By choosing to invest in facilities within the North American supply chain, Gildan has saved jobs that would have been lost to company bankruptcy, and added more U.S. jobs by opening new factories. Upon completion of this new acquisition, Gildan will gain licenses to manufacture Under Armour®, Mossy Oak®, and New Balance® brands; all of which are American companies, increasing job opportunities for Americans.

Talk to your local specialist and receive in-depth advice on exporting, international sales, logistics, finance, and trade dispute resolutions.

 

 

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The APEC Cross-Border Privacy Rules: Advancing Privacy and Digital Trade in Asia

November 29, 2016

By Andrew Flavin, Policy Advisor, Office of Digital Services Industries
Over the last year, just about everyone in the trade community heard about Privacy Shield, a mechanism for transferring personal information between the United States and Europe. But you might ask, “what about the rest of the world?”

Part of the answer lies in the APEC Cross-Border Privacy Rules system (CBPRs), a mechanism to raise standards for the protection of personal information while ensuring that data can flow freely between the 21 members of APEC (Asia Pacific Economic Cooperation), which together represent 54 percent of the world economy.

Increasing the number of countries and companies that participate in the system has been a top priority for Acting Assistant Secretary of Commerce for Industry & Analysis Ted Dean. “The APEC Cross-Border Privacy Rules system builds consumer, business and regulator trust in the data flows that businesses in the United States and across the Asia-Pacific region rely on by providing voluntary but enforceable standards for privacy protection,” said Assistant Secretary Dean.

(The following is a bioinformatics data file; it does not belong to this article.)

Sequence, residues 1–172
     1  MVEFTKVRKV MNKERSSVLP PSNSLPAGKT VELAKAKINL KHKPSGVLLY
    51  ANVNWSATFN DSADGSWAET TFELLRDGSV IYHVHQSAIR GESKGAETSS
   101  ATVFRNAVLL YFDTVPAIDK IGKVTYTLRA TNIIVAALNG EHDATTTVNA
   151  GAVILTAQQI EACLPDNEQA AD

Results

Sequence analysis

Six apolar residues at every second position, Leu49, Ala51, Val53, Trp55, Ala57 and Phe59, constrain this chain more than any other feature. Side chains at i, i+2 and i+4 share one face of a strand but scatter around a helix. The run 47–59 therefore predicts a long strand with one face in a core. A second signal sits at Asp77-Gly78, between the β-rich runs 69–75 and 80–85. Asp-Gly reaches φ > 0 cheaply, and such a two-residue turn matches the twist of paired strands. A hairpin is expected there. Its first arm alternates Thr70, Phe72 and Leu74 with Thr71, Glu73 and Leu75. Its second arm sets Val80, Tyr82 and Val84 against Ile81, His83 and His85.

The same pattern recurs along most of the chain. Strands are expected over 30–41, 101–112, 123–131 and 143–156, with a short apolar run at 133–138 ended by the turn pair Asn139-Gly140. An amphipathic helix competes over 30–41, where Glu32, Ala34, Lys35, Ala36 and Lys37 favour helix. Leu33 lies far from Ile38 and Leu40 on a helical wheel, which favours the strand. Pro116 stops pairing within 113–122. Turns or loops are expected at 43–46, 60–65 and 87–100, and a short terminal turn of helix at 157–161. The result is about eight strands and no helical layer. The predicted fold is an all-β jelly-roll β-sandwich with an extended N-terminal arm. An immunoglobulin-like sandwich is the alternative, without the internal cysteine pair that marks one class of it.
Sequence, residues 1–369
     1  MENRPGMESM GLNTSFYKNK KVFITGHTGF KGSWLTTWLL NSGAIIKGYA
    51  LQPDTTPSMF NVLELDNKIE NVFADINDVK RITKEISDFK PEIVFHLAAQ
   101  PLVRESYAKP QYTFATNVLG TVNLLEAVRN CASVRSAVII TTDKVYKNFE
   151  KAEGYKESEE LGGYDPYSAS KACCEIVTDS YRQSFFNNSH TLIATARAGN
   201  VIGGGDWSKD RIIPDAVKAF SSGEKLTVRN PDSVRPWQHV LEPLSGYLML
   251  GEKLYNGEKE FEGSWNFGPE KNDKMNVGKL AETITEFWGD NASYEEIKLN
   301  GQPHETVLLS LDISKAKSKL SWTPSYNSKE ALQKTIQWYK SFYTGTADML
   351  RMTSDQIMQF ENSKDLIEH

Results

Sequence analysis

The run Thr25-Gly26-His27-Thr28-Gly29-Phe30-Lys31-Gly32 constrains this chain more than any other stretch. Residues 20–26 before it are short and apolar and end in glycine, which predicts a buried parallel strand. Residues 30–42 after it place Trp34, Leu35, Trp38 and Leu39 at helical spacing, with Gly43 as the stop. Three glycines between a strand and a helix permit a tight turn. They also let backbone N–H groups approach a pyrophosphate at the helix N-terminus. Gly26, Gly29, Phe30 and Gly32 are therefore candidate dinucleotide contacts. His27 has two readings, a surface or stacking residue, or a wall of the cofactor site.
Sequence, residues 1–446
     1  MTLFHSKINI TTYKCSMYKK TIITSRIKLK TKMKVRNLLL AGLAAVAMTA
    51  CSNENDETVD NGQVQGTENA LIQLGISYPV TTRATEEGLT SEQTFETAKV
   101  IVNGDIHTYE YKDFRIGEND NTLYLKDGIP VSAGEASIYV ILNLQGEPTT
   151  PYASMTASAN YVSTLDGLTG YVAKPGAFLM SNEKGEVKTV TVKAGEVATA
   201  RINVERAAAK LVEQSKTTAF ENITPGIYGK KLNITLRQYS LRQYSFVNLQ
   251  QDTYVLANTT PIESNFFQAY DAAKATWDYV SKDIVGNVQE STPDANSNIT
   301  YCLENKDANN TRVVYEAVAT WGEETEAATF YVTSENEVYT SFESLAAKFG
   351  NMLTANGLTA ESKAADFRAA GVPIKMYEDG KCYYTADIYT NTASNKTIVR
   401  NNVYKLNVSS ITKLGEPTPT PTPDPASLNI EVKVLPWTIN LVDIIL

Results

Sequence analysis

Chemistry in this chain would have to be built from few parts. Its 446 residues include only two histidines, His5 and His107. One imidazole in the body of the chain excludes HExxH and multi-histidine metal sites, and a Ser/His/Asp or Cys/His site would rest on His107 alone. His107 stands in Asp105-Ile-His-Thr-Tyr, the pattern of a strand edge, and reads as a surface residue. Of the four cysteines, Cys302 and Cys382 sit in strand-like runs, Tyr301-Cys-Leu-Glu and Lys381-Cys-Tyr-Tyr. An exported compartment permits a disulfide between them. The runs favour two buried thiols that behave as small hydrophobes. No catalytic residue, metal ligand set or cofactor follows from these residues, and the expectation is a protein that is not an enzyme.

The CBPRs are based on a set of principles that certified companies in the APEC region apply when they collect, process and transfer personal data such as birthdates and Social Security Numbers. Participation in the CBPR system is voluntary, but once an organization joins and certifies that it is following the APEC principles, its commitments are legally enforceable. Consumers and businesses in participating countries doing business with certified companies can be assured that these organizations are handling their data in compliance with the Rules’ high standards for privacy and security. For example, all CBPR-certified companies agree to notify consumers when their personal information is being collected and how it is being used, and of the choices consumers have to limit the use and sharing of that information.

In 2016, industry support for CBPRs has grown as companies look for ways to build global compliance systems and meet increasing demands for high-standard privacy protections from consumers and business partners. A recent joint statement from eight major business and information technology associations in the United States, Japan, and Latin America highlighted the importance of the system for businesses: